ST. LOUIS – In August, 900 likely Missouri voters were asked about issues facing the Missouri LGBTQ community as a part of the 2023 SLU/YouGov Poll. At least 63% of voters think that transgender children shouldn’t be able to get medical care like hormone therapy, drugs that stop puberty, or surgery that changes their gender.

Governor Parson signed the “Missouri Save Adolescents from Experiment (SAFE) Act” in June. This law makes it illegal for doctors to perform gender transition surgeries on children and for them to use cross-sex hormones or drugs that stop puberty.

Most of the people who voted in Missouri agreed with these parts of the SAFE Act:

  • 73% of Missouri voters were against letting minors have “gender-affirming surgery.”  
  • 63% were against letting minors get “gender transition medical care” like hormone therapy or medicine that can briefly stop the effects of puberty.

Steven Rogers, Ph.D., is the director of the SLU/YouGov Poll and an associate professor of political science at SLU. He said that Missourians are definitely in favor of limiting medical care for children who want to change their gender. But they don’t totally disagree with caring for kids based on their gender.

  • 44% of voters were in favor of letting children get gender-affirming counseling.
  • 44% were against it.

How Schools Handle Sexual Orientation and Gender Identity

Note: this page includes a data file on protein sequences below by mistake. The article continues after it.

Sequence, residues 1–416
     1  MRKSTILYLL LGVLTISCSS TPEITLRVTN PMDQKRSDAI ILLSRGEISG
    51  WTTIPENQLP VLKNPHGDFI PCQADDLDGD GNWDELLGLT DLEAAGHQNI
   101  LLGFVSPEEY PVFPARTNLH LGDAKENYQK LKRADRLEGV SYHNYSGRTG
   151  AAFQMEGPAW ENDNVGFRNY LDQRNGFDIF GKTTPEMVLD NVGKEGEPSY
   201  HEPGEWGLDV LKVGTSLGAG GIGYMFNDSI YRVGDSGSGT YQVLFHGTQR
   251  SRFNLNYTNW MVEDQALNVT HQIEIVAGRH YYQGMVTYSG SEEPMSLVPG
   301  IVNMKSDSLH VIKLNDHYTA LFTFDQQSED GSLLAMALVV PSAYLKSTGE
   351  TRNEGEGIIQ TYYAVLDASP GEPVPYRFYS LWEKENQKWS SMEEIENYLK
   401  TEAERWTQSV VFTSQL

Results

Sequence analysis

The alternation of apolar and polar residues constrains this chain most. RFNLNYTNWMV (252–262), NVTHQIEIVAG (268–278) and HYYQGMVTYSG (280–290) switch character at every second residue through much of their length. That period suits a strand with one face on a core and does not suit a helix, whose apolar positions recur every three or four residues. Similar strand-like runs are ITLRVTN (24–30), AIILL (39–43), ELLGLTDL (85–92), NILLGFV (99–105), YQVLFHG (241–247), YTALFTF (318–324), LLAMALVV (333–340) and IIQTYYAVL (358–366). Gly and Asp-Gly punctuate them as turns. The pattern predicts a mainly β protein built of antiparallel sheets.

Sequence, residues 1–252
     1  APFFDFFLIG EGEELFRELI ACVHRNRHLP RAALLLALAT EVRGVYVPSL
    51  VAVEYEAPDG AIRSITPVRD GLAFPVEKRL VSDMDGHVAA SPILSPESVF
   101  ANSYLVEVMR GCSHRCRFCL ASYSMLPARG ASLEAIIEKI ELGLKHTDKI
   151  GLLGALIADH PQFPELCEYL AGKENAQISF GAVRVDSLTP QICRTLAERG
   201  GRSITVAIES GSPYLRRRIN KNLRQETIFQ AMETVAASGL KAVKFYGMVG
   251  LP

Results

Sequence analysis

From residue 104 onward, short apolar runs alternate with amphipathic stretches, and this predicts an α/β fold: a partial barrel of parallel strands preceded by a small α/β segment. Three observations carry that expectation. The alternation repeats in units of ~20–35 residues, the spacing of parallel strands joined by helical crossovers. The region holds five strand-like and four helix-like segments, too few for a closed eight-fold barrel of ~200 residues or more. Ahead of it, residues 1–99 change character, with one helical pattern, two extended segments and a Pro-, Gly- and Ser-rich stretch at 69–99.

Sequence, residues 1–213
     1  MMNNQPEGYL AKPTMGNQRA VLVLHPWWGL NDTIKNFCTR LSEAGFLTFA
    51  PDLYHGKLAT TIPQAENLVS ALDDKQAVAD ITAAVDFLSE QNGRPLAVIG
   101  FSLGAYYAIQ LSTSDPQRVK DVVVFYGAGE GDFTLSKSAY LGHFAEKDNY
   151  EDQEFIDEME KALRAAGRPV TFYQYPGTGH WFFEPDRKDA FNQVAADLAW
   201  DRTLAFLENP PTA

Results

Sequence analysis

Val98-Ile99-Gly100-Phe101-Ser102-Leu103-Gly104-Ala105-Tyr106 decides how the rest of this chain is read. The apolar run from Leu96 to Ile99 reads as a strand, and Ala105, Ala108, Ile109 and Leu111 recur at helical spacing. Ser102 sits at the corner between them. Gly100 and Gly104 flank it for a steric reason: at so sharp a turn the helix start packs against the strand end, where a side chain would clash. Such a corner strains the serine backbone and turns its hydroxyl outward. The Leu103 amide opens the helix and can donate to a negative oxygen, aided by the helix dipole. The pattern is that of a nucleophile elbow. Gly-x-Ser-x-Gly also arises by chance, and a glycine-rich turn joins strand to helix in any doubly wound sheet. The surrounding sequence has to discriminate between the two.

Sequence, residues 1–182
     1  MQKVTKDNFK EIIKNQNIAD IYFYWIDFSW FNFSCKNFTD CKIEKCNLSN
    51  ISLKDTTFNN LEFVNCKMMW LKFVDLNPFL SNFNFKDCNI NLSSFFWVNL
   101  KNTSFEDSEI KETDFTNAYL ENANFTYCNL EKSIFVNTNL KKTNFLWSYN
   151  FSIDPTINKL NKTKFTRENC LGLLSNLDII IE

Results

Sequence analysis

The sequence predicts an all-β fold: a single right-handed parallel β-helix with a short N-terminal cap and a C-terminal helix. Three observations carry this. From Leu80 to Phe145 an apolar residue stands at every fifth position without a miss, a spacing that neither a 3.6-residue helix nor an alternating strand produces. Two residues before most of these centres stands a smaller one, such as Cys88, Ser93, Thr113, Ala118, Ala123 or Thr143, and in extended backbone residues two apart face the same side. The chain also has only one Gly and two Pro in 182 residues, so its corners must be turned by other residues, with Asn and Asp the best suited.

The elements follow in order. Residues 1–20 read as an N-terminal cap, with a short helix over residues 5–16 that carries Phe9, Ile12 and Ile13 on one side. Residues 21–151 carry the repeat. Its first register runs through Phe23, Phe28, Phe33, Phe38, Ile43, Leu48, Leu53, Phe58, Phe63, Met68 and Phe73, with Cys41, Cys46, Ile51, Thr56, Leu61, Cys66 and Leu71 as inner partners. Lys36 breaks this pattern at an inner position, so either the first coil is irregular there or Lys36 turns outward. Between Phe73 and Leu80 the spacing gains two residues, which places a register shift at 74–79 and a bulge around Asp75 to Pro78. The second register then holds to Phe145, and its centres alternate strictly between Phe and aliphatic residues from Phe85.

Some Republican lawmakers want to limit the number of sexually explicit books and other materials that children can get from libraries and schools.

The August 2023 SLU/YouGov Poll found:

  • 33% of Missouri voters want to ban “books with stories about gay or lesbian youth” from public schools.
  • 38% want to ban “books with stories about transgendered youth.”

Voters in Missouri also want schools to be able to talk about sexual orientation.

  • 56% of voters want high school kids to talk about sexual orientation in public schools.   
  • 38% think they should happen in middle schools.
  • 18% think such talks should happen in elementary schools.

Findings are the same when it comes to letting public schools talk about gender identity:  

  • 51% of voters want high school students to talk about gender identity in public schools, but only 
  • 34% of voters want this to happen in middle schools.
  • 19% of voters want this to happen in elementary school.

The August 2023 SLU/YouGov Poll gave a picture of how Missouri voters feel about these important topics, showing both where they agree and where they disagree. As society changes, these views give us a good idea of how the public in the state feels and what they want when it comes to LGBTQ issues. To see the complete poll, visit the August 2023 SLU/YouGov Poll.